To help prevent a loss of SA, use the "IMSAFE" guidelines. This checklist was developed for the FAA as a quick memory guide for aviators to run through and make self-determination as to their fitness to fly. If a crewmember says yes to any of these, they really shouldn’t fly. There are a number of standardized tools that can help improve CRM and overcome a loss of situational awareness. When a crew loses SA it is critical to reduce workload and threats: Suspend the mission. [Remember to "Aviate, Navigate and Communicate."] Get away from the ground and other obstacles (e.g., climb to a safe altitude). Establish a stable flight profile where you can safely analyze the situation.

94 Crew Resource Management (Task P-2028 Continued)
Once we have lost situational awareness, or recognized the loss in another crewmember, how do we get it back? A few methods are to: Listen to your gut feelings. If it acts like an idiot and talks like an idiot, then its probably an idiot. Use terms like "Time Out" or "Abort" or "This is Stupid." Once terms like these are called, the pilot should terminate the task or maneuver, climb away from the ground if necessary, establish straight-and-level flight and then discuss the problem. [The term you use should be agreed upon before the flight.] Keep the cockpit sterile -- keep talk to the minimum necessary for safety, particularly during taxi, takeoff, departure, low-level flying, approach, and landing. This helps remove distractions and keep everyone focused on the important things.

95 Crew Resource Management (Task P-2028 Continued)
Barriers to Communication - Rank, gender, experience level, age, personality, and general attitudes can all cause barriers to communication. You may occasionally be hesitant to offer an idea for fear of looking foolish or inexperienced. You may also be tempted to disregard ideas that come from individuals that have a lower experience level. If you are committed to teamwork and good crew coordination, you must look through such emotions and try to constructively and sensitively adapt to each personality involved.

96 Crew Resource Management (Task P-2028 Continued)
You can deal best with personalities by continually showing personal and professional respect and courtesy to your teammates. Criticism will only serve to build yet another barrier to good communication. Nothing breaks down a team effort faster than hostility and resentment. Always offer opinions or ideas respectfully and constructively. Instead of telling the pilot, "You're wrong," tell him what you think is wrong, such as "I think that new frequency was 127.5, not "

97 Crew Resource Management (Task P-2028 Continued)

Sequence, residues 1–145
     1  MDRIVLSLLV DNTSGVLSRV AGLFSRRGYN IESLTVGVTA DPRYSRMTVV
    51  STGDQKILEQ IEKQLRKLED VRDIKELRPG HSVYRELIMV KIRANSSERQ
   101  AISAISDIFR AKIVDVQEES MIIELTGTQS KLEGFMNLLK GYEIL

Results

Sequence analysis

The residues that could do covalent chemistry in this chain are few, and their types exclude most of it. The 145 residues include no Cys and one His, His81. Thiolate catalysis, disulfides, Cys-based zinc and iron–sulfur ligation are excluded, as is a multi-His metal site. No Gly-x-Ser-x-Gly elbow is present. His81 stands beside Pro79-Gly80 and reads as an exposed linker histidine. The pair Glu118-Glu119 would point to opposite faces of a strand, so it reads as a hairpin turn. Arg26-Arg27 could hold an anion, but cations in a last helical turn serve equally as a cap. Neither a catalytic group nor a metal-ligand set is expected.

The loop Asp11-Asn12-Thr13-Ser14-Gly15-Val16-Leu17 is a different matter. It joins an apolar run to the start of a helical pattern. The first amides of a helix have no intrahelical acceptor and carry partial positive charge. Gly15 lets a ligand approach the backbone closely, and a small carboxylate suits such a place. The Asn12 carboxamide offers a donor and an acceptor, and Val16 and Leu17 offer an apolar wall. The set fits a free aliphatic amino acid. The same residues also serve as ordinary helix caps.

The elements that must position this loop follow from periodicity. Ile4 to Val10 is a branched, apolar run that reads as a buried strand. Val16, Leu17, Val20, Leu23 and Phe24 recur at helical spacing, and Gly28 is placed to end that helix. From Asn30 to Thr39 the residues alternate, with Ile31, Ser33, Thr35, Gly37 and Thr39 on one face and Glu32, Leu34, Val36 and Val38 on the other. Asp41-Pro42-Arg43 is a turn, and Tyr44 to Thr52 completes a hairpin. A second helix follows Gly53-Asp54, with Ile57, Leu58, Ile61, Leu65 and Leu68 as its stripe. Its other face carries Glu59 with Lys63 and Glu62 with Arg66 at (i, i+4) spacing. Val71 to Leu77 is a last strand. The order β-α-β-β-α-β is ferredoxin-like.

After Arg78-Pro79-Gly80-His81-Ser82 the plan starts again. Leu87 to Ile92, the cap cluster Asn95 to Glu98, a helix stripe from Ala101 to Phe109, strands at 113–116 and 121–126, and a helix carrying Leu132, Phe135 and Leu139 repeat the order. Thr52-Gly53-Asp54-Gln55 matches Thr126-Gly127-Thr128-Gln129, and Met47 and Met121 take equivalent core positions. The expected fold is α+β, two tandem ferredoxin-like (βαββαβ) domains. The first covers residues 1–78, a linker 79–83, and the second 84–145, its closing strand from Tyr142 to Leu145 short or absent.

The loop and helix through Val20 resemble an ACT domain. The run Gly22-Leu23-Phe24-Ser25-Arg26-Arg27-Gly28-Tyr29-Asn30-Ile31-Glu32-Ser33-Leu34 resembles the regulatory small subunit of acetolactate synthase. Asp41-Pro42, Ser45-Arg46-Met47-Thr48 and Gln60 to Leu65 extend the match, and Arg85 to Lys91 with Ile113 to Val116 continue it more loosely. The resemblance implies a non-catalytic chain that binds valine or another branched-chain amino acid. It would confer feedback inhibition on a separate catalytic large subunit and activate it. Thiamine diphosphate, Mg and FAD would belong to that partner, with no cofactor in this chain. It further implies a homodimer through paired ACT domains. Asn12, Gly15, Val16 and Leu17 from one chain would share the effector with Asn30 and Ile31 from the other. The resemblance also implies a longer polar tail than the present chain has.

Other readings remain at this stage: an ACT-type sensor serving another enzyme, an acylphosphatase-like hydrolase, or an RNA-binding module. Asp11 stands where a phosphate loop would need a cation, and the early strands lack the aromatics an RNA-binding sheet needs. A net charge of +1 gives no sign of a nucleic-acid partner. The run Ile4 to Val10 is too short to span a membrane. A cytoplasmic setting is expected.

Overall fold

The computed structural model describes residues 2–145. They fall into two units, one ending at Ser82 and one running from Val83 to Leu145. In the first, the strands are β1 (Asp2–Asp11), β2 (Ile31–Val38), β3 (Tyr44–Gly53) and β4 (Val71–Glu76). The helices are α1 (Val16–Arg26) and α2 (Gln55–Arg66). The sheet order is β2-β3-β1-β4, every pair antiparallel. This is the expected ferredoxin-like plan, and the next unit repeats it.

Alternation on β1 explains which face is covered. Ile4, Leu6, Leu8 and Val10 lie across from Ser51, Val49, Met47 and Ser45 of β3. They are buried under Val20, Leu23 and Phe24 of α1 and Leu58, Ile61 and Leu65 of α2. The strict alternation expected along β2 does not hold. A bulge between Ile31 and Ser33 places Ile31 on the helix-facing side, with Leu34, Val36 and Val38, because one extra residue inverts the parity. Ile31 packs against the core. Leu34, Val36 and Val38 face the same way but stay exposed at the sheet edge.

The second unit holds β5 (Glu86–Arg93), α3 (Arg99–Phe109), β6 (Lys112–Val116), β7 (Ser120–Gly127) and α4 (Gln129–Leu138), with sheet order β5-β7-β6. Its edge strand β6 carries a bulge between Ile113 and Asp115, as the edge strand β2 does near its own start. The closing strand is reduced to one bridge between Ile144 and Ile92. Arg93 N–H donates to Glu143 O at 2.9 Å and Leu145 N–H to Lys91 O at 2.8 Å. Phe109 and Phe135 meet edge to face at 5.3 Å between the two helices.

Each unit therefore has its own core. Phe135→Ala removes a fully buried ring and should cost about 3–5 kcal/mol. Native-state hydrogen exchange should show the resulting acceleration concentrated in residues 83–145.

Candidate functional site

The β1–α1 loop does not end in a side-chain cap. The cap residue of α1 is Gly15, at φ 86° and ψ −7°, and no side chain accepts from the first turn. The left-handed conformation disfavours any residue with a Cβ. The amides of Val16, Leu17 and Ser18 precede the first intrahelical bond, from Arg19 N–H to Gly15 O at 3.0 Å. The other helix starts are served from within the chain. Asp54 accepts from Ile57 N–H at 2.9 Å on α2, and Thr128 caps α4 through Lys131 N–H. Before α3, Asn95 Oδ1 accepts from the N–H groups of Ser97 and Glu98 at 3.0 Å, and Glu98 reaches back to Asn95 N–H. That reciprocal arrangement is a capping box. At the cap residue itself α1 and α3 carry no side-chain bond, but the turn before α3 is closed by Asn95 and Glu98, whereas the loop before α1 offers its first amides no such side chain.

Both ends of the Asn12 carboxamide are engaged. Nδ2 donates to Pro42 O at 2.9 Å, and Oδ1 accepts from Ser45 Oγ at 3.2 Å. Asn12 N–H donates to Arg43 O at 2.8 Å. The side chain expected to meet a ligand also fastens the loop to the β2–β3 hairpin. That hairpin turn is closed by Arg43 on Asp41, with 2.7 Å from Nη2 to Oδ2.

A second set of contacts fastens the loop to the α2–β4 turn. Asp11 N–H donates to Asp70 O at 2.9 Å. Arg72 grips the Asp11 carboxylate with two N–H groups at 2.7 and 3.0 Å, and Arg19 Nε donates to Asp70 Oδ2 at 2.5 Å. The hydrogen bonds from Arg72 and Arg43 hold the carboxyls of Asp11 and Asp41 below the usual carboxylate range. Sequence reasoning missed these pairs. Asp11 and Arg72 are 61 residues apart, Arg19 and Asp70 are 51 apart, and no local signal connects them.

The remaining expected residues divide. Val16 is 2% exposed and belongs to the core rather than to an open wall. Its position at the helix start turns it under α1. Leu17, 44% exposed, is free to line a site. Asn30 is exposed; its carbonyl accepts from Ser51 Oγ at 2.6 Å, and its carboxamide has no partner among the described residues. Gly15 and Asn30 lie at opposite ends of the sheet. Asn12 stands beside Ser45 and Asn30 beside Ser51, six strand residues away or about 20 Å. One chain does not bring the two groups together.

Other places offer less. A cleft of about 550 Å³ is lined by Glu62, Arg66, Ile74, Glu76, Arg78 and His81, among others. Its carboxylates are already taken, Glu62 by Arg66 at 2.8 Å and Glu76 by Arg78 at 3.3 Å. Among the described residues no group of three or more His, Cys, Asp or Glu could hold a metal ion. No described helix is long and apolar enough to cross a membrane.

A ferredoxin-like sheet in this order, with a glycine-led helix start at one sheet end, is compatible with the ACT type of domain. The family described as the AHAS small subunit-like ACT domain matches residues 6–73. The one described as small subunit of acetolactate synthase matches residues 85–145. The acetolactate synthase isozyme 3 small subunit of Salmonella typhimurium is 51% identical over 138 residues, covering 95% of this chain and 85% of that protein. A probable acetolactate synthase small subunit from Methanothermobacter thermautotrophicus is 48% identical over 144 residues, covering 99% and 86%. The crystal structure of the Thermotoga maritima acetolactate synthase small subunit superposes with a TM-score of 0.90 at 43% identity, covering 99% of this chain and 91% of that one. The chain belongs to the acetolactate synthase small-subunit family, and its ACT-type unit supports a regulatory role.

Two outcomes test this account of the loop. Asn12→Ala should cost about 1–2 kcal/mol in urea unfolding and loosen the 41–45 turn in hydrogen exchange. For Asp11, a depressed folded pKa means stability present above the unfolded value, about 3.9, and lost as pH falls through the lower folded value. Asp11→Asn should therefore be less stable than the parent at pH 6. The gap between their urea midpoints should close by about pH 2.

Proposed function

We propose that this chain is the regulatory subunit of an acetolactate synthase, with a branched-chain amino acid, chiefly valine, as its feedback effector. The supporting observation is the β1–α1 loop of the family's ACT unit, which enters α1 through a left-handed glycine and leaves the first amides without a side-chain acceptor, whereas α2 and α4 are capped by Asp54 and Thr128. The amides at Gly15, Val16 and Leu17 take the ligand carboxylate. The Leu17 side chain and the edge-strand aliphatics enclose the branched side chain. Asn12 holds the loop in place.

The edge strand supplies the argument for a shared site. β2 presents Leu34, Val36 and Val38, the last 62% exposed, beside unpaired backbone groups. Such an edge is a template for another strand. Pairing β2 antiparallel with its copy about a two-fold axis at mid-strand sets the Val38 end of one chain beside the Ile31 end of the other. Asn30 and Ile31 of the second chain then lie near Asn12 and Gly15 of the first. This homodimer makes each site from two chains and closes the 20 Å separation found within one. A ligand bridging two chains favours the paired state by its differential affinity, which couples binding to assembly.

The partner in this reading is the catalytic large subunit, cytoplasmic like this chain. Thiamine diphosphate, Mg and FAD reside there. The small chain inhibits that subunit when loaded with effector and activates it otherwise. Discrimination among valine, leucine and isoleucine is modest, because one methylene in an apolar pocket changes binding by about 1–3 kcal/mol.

Personal factors, including individual proficiency and stress, may also create barriers to good communication. Skills and knowledge retention decrease over time, and that is why regular training is necessary. If you don’t practice regularly, you very likely will spend a disproportionate amount of time on normal tasks, at the expense of communication and other tasks. Civil Air Patrol, the FAA, commercial airlines, and the military services all require certain minimum levels of periodic training for the sole purpose of maintaining proficiency.

98 Crew Resource Management (Task P-2028 Continued)
Stress can have a very significant, negative effect on cockpit communication. An individual's preoccupation with personal, family, or job-related problems distracts him or her from paying complete attention to mission tasks and communication, depending upon the level and source of stress. The flight itself, personalities of the individuals, distractions, flight conditions, and individual performance can all be sources of communication limiting stress. When stress reaches very high levels, it becomes an effective barrier to communication and job performance. Many fliers and medical specialists advocate refraining from flying or other complex tasks until the stress is removed.

99 Crew Resource Management (Task P-2028 Continued)
Part of your job is also to recognize when others are not communicating and not contributing to the collective decision-making process. Occasionally, other crewmembers may need to be actively brought back into the communication process. This can often be done with a simple “What do you think about that?” In a nonthreatening way, this invites the teammate back into the communication circle, and, in most cases, he or she will rejoin the information loop.

100 Crew Resource Management (Task P-2028 Continued)
Task Saturation - At times, crews or individual members may be confronted with too much information to manage, or too many tasks to accomplish in the available time. This condition is referred to as task saturation. This will most likely happen when a crewmember is confronted with a new or different situation such as an emergency, bad weather, or motion sickness. Preoccupation with the different situation may then lead to a condition of “tunnel vision,” where the individual can lose track of many other important conditions. In an advanced state, comprehension is so far gone that partial or complete situational awareness is lost. When individuals are task saturated to this extent, communication and information flow usually ceases.

101 Crew Resource Management (Task P-2028 Continued)
If you begin to feel overwhelmed by information or the sheer number of things to do, it's time to evaluate each task and do only those tasks that are most important. If you ever feel over-tasked, you have an obligation to tell the other crewmembers before becoming task-saturated and losing your situational awareness. If others know your performance is suffering, they may assume some of the workload, if they are able. Once the most important tasks are accomplished and as time permits, you can start to take back some of those tasks that were neglected earlier. Allocation of time and establishing priorities is known as time management.